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About the Department

The Department of Ecosystem Science and Management within Penn State’s College of Agricultural Sciences is Pennsylvania’s leader in preparing students for careers in sustainable management of natural resources.

We conduct research to create new knowledge about Pennsylvania’s forests, wildlife and fisheries, soils, and watersheds, and we disseminate that knowledge through the classroom and through extension education programs serving professionals, landowners, policymakers, and other stakeholders.

Mission

Our mission is to build and disseminate knowledge for the conservation and management of natural and human-dominated ecosystems. We focus on applications in fisheries, wildlife, soils, forestry, water, and agriculture. With global population projections of 10.9 billion by 2100 and increasing consumer demand for goods, the need for smart, scientifically trained managers and efficient use of natural resources is greater than ever. Our department was designed to help meet this challenge.

People

Our more than 40 faculty members include federal agency scientists housed on campus. These faculty members teach and advise 110 graduate students and 225 undergraduates. In addition, more than 25 staff members provide administrative support, help carry out faculty research, and conduct statewide extension education programs in renewable natural resources.

Programs

Undergraduate Programs

The department offers undergraduate degree programs in Forest Ecosystem Management and in Wildlife and Fisheries Science. Faculty in the department also teach soil science classes as part of the Soil Science option in the College of Agricultural Sciences’ Environmental Resource Management major.

Graduate Programs

Graduate degrees are granted in Forest Resources, Wildlife and Fisheries Science, and Soil Science.

Our graduates learn the science and how to apply it on the ground to real problems. The programs prepare students for careers in natural resources management for government agencies, associations, nongovernmental organizations, and private companies, or for additional research.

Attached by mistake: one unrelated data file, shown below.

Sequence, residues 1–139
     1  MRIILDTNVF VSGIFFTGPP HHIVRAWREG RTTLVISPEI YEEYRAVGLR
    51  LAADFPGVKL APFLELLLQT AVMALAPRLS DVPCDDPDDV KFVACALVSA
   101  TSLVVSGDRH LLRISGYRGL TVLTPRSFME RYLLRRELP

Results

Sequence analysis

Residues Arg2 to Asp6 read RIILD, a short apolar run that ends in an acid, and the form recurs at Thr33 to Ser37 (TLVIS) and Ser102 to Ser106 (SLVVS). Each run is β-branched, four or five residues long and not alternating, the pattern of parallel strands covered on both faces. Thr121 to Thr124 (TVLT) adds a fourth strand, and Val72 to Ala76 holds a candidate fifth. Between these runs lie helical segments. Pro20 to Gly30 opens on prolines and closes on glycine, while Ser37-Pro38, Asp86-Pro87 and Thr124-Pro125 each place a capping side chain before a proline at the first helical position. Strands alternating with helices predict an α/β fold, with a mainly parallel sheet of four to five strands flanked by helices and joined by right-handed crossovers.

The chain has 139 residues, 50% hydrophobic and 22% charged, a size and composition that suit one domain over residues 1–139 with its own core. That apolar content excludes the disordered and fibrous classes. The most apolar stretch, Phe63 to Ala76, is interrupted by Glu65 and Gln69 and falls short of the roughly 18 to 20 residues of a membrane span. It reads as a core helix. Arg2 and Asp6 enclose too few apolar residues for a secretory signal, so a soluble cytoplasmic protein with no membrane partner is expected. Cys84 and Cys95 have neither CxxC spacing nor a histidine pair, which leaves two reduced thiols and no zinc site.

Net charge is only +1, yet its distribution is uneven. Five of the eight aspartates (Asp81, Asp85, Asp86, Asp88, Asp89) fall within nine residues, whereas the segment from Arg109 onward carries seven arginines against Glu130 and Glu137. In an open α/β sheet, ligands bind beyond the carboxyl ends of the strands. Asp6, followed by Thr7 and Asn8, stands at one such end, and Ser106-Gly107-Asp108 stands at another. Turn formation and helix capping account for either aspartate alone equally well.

Partnerships

Through key partnerships and cooperation with nonprofit organizations, government, and industry, the department exposes our students to real-world applications and plays a central role in addressing natural resource issues.

Facilities

Students, faculty, and partner scientists collaborate in modern classrooms and state-of-the-art teaching and research labs in the Forest Resources Building and in the Agricultural Sciences and Industries Building.

The Forest Resources Building opened in September 2006, earning a silver certification in the U.S. Green Building Council’s Leadership in Energy and Environmental Design (LEED) program. Its exposed beams and trusses showcase the beauty of Pennsylvania hardwoods. A 4,700-square-foot green roof puts sustainability concepts into practice. A rooftop patio is available for groups or individuals to use for classes or meetings.

The department also offers opportunities for hands-on learning in a variety of local ecosystems, including forests, wetlands, and urban and agricultural sites. Two professional foresters oversee more than 8,000 acres of University-owned forestland that serves research and teaching goals.

Visit the Forestland Management Office.

Research

Research areas range widely, but include acid deposition effects on regeneration, soils, water resources, and fish and wildlife; timber harvesting impacts on water quality; human-wildlife interactions; fisheries ecology and management; wastewater disposal; biodiversity conservation; habitat restoration; invasive species; emerging diseases and pests; and bioenergy.

This level of intellectual diversity enables us to tackle complex environmental problems in a wide array of ecosystems. It also equips us to train students, citizens, and youth to be skillful natural resource stewards who are proficient with an advanced ecosystem management tool kit.

Extramural research funding exceeds $10 million per year, and research is strongly interdisciplinary, including work with groups such as the Penn State Institutes of Energy and the Environment. Graduate students can pursue research as part of several interdisciplinary and intercollege graduate degree programs, such as Ecology, Environmental Pollution Control, Genetics, Materials Science and Engineering, and Plant Biology.

Outreach

The department has a strong statewide focus on extension education dealing with forest resources, urban and community forestry, water resources, wildlife and fisheries, wood products, and soil conservation.

Members of the Penn State Extension faculty work closely with field-based extension educators and partner agencies to deliver educational programs that emphasize youth education, bioenergy, and natural resource management.

Professional development

Professional development programs are offered annually in diverse topics such as GIS/GPS in forestry, forest taxation, and wood products. The Goddard and Ibberson Forums are held periodically to discuss current resource management topics of interest to a wide audience.